Here's Pamela Walker, Glenn Horage, and UCLA professor Diane Winston, author of the engrossing study, Red Hot and Righteous, the Urban Religion of the Salvation Army. In the 1880s, brass bands were very popular in England. A lot of trade unions had a brass band and workplaces had a brass band. So lots of people knew how to play brass instruments. It was quite a common pastime. In Salisbury, the Salvation Army officer decided to use a local Methodist family to play their instruments to drown out the rowdies.

The Fry family were the first people to do this, and they found it very effective. If the rowdies started getting too loud, they'd just bring out their brass band instruments and start playing and just bring up the tune and bring up the sound of the music, and that would just drown out the crowd. And they became very popular, and it became very much a part of The Salvation Army's appeal. And the brass band would stand on the corner, they'd do a testimony, they'd play some music, they'd sing some songs, and that would also just help to draw an audience. William Booth was a man ahead of his time because he really appreciated the value of good publicity.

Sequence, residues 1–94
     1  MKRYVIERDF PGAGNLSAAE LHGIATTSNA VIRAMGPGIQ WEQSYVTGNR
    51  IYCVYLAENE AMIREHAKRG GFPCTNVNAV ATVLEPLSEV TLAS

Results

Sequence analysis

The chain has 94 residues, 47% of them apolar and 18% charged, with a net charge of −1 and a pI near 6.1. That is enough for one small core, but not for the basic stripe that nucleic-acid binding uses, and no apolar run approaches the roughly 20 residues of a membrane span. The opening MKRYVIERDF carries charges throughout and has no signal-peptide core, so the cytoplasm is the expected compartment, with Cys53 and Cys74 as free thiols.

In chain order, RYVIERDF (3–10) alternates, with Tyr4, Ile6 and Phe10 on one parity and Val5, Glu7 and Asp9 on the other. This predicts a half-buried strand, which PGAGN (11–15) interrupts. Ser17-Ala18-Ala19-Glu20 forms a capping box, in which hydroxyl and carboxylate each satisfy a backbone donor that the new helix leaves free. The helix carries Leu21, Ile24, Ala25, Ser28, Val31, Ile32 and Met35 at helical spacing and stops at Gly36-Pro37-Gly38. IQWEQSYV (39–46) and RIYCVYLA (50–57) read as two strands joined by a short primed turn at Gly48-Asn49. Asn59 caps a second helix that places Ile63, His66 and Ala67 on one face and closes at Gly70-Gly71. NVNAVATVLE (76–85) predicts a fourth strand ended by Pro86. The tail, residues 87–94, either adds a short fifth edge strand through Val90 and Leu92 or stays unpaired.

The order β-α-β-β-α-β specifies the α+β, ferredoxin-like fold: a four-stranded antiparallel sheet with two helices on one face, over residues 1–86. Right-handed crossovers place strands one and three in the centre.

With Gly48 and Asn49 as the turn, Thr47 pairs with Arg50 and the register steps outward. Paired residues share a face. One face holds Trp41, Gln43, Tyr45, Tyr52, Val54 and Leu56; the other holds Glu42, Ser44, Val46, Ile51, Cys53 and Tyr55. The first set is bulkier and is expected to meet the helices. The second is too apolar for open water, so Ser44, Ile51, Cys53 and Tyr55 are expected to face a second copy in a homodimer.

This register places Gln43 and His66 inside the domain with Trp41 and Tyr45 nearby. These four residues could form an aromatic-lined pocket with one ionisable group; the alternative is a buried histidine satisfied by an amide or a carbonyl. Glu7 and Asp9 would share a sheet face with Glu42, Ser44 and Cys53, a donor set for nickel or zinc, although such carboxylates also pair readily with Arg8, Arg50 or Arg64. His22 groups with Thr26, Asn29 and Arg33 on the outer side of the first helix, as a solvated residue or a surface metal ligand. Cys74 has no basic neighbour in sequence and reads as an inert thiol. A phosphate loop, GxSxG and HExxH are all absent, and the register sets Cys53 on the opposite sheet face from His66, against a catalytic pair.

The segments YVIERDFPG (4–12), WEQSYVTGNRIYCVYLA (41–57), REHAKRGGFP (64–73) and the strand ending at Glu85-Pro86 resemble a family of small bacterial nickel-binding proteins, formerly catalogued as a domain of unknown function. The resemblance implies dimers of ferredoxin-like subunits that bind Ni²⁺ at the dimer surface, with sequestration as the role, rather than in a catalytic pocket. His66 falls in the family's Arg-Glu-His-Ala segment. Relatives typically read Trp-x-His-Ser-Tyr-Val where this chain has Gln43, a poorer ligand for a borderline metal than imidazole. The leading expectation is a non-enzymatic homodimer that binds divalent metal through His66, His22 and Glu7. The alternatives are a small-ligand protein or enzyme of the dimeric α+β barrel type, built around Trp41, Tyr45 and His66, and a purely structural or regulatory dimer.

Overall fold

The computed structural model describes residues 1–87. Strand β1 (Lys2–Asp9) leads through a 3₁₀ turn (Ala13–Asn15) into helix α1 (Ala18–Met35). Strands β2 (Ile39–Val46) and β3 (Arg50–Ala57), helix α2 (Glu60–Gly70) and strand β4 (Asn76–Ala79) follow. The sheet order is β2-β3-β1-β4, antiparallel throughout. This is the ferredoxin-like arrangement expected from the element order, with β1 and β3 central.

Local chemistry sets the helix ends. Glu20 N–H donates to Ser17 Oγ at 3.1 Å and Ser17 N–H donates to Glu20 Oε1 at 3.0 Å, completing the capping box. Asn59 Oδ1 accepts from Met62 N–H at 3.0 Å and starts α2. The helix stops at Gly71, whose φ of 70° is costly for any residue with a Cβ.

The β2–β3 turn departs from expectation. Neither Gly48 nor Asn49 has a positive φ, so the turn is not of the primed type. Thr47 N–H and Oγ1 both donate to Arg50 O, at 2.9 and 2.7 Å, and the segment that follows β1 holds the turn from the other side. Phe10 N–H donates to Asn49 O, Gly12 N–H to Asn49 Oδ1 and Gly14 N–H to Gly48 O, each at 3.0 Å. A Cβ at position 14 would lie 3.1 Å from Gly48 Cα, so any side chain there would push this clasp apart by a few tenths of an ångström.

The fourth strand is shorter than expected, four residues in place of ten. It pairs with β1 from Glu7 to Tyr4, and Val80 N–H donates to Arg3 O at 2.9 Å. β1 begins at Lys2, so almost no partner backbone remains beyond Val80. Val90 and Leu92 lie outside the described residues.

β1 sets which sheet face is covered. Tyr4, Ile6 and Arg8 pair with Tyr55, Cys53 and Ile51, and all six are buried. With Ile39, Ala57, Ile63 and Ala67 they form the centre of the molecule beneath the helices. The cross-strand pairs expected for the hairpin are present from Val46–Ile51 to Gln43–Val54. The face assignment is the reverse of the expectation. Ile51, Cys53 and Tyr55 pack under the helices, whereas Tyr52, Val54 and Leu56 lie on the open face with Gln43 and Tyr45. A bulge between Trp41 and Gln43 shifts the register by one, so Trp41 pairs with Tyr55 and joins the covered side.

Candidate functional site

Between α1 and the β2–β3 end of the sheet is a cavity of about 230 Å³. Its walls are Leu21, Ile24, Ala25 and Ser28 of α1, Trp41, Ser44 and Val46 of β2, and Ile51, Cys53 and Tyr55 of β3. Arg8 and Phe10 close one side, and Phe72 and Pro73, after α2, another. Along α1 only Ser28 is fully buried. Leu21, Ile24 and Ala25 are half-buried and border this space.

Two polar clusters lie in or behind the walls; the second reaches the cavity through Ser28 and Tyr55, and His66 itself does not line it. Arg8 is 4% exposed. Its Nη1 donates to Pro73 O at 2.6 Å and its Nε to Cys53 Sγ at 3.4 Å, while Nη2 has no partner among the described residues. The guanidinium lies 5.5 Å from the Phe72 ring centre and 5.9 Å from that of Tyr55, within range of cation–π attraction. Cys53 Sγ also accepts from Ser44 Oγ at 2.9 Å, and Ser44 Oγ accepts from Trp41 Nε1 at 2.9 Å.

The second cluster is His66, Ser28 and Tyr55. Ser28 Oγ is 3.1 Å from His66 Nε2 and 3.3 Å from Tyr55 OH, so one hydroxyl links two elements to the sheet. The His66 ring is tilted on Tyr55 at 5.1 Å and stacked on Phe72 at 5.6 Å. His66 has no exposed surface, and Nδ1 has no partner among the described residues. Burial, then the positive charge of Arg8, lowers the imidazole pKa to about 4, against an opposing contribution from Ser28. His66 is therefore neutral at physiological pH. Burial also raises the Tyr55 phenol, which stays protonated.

He could have been a great PR man had he gone in a different direction. His credo was attract attention, and he told his soldiers and officers to do anything possible to get that attention. Booth really had a sense of marketing and of branding, and he made sure that people knew who the Army was, and the uniform was one of the ways to do this. By far, the majority of the Army's officers were very young, and at least half were women. Here again is Gordon Moyles. William Booth always said, you know, my best men are women.